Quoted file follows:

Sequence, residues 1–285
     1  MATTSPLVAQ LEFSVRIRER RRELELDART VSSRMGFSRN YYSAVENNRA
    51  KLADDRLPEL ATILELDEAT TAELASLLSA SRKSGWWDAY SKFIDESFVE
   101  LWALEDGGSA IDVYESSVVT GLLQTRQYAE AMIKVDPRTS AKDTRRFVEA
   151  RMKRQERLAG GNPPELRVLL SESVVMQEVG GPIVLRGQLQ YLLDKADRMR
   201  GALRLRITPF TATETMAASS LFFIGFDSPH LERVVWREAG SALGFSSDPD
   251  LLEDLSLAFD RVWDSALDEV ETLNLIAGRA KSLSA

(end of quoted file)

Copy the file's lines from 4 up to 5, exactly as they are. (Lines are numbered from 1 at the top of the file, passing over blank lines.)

   101  LWALEDGGSA IDVYESSVVT GLLQTRQYAE AMIKVDPRTS AKDTRRFVEA
   151  RMKRQERLAG GNPPELRVLL SESVVMQEVG GPIVLRGQLQ YLLDKADRMR